The University of Winnipeg (U of W), located in downtown Winnipeg, has been no stranger to serious security incidents in recent years.
According to the Winnipeg Police Service, 17,280 criminal offences were committed in the downtown area from June 2018 to May 2019. This represents an increase of 9.47 per cent from the previous year and of 55 per cent from the 2014 to 2015 period.
Some of these incidents, occurring near or on campus, have received significant media coverage. In September of 2017, a student was robbed while sitting in the Bulman Student Centre during the day. Later that year, three individuals – including two students – were stabbed outside the university, which prompted a 33 per cent increase in the number of on-duty security guards on campus. In 2018, the media reported extensively on a case where a female student was assaulted while walking on campus.
Dr. Peter J. Miller, vice-president of the University of Winnipeg Faculty Association (UWFA), expressed some of the faculty members’ concerns.
“Aside from the shared concern for general safety and security on campus, faculty members in particular often work beyond regular hours, in isolated areas of the university, and on the weekends or evenings,” he says. During the evenings and weekends, faculty members can find themselves working alone, far from colleagues or security staff.
The U of W has attempted to address these safety concerns through various programs and initiatives. According to their website, the U of W Security Services, strives “to provide a safe, secure and healthy learning, living and working environment for its students, faculty, staff and visitors, while preserving a philosophy of unhindered community access.”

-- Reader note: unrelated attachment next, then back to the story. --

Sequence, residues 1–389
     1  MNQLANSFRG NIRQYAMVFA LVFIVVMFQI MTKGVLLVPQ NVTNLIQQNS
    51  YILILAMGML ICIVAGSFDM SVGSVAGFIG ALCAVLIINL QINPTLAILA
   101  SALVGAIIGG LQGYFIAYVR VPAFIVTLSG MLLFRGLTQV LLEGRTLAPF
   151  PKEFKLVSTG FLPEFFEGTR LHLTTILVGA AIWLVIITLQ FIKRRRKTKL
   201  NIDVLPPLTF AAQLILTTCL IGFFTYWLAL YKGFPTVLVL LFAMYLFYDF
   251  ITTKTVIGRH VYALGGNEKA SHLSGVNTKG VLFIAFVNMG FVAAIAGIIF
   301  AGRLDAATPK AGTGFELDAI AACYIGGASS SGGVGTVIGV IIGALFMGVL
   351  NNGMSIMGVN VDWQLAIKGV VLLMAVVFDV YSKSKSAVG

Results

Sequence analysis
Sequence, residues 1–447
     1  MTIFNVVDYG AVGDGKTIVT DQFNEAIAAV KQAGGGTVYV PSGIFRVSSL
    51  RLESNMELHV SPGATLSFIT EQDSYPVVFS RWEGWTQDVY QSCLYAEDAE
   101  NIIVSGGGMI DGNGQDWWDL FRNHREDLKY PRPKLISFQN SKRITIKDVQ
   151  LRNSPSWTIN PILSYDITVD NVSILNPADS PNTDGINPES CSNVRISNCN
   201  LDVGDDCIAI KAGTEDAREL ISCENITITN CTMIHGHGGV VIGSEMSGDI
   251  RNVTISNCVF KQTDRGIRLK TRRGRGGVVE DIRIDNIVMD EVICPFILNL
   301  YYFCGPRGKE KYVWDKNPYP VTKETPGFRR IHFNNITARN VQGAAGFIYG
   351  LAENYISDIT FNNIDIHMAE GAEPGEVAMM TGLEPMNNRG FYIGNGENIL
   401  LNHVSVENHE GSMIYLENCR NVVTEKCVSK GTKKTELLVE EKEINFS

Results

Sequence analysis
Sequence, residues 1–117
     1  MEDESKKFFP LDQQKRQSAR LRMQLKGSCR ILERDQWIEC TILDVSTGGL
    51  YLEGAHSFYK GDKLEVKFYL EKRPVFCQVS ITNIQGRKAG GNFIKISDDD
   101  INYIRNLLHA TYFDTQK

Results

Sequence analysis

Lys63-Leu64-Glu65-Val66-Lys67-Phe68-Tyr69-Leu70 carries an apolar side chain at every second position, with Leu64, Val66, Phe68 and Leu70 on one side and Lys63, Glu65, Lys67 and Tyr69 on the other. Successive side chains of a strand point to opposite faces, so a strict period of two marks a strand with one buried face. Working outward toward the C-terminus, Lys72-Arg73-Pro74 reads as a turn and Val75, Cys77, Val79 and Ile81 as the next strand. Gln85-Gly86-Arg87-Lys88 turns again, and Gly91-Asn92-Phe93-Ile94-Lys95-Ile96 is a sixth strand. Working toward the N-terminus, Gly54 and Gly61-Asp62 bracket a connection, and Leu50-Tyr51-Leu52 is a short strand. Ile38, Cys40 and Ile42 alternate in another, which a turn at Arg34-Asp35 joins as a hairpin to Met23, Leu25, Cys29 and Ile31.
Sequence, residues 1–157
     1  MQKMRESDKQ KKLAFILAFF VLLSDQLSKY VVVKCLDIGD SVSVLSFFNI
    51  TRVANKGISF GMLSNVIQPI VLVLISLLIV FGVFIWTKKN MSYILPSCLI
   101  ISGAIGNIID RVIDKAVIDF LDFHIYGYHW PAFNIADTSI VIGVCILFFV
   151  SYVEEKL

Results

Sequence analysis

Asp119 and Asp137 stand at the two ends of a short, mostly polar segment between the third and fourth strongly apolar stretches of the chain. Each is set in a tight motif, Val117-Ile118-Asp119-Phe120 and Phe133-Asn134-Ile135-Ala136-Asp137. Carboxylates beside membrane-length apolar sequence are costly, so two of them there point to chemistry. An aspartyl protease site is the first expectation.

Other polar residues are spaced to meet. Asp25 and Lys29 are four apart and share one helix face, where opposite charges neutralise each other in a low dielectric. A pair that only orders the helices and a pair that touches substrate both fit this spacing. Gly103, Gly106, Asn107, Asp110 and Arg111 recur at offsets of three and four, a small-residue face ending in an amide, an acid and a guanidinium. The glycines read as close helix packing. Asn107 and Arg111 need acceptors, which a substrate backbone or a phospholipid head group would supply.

“Our security philosophy is that everyone is welcome on our campus, but no one is welcome to hide on campus or threaten the safety of others,” Michael Emslie, vice-president of finance and administration at the U of W, says. “It is a difficult balance, but one we take pride in.”
The U of W offers numerous services relating to safety on campus. SafeWalk, a partnership with the University of Winnipeg Students’ Association, provides students and staff with an escort to their bus stop or parking spot within a block from campus. They operate Monday to Thursday from 6 to 10 p.m. and Friday from 5:30 to 9:30 p.m. Similarly, SafeRide offers car rides and operates within a slightly larger radius. Rides will be provided within the patrol area boundaries: William Avenue to the north, Assiniboine Avenue to the south, Sherbrook Street to the west and Main Street to the east.
Other initiatives include UW Safe, a mobile application which contains safety resources and provides emergency notifications. Furthermore, students are encouraged to purchase strong locks for their lockers with a discount on the Dudley high security series combination lock (available at the Campus Store).
Emslie believes these initiatives have been effective.
“We have seen a decrease in incidents since we have implemented changes like the increased guard presence, subsidized locks, and the renovations we performed, which is leading us to believe we are having an impact,” he says.
Dr. Miller, however, believes that the university administration has been receptive to faculty concerns only “to a degree.”
“Faculty sometimes feel that security and safety decisions are made with little or no input from us,” he says.
Kendall Ashcroft, a recent U of W graduate, acknowledges the safety concerns even though she has never had a negative experience.
“Unfortunately, I do think that a lot of students feel discouraged from studying at the university, especially in the evening hours, due to safety issues,” she says.
Emslie emphasizes that the campus is a welcoming and community-oriented place.
“We have a proud history of community engagement and many programs encouraging a broad spectrum of Winnipeggers and others to experience our campus,” he says.
For more information on the U of W Security Services, visit uwinnipeg.ca/security.